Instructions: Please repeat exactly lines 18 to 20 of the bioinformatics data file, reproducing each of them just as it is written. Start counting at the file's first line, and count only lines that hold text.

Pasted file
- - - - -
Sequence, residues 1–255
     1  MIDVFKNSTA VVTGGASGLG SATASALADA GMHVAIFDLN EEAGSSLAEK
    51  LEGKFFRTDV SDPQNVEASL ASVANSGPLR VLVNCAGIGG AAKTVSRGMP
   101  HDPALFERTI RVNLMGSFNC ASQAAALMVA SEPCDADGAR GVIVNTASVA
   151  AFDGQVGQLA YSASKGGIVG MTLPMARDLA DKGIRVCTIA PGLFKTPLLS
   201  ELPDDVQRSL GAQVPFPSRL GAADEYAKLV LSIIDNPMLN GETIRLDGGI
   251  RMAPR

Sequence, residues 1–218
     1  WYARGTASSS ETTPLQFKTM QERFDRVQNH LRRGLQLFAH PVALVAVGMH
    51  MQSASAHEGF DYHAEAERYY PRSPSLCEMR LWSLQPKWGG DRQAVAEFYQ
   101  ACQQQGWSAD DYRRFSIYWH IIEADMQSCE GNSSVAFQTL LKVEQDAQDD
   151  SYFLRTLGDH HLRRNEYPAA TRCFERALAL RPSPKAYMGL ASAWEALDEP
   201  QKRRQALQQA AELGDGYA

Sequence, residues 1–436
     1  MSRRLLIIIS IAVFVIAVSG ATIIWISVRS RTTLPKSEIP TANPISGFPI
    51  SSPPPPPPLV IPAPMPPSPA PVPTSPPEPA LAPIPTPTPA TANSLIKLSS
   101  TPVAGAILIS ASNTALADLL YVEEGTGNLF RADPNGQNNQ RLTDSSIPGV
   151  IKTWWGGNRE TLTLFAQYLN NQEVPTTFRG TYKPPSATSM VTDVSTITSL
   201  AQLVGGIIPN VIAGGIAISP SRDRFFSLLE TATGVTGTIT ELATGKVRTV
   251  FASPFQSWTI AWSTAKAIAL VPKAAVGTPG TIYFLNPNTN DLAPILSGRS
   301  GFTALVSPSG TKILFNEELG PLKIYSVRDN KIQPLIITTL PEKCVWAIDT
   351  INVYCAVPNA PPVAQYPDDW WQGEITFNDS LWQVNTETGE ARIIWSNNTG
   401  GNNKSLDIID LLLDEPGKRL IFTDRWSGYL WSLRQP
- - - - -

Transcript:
   151  IKTWWGGNRE TLTLFAQYLN NQEVPTTFRG TYKPPSATSM VTDVSTITSL
   201  AQLVGGIIPN VIAGGIAISP SRDRFFSLLE TATGVTGTIT ELATGKVRTV
   251  FASPFQSWTI AWSTAKAIAL VPKAAVGTPG TIYFLNPNTN DLAPILSGRS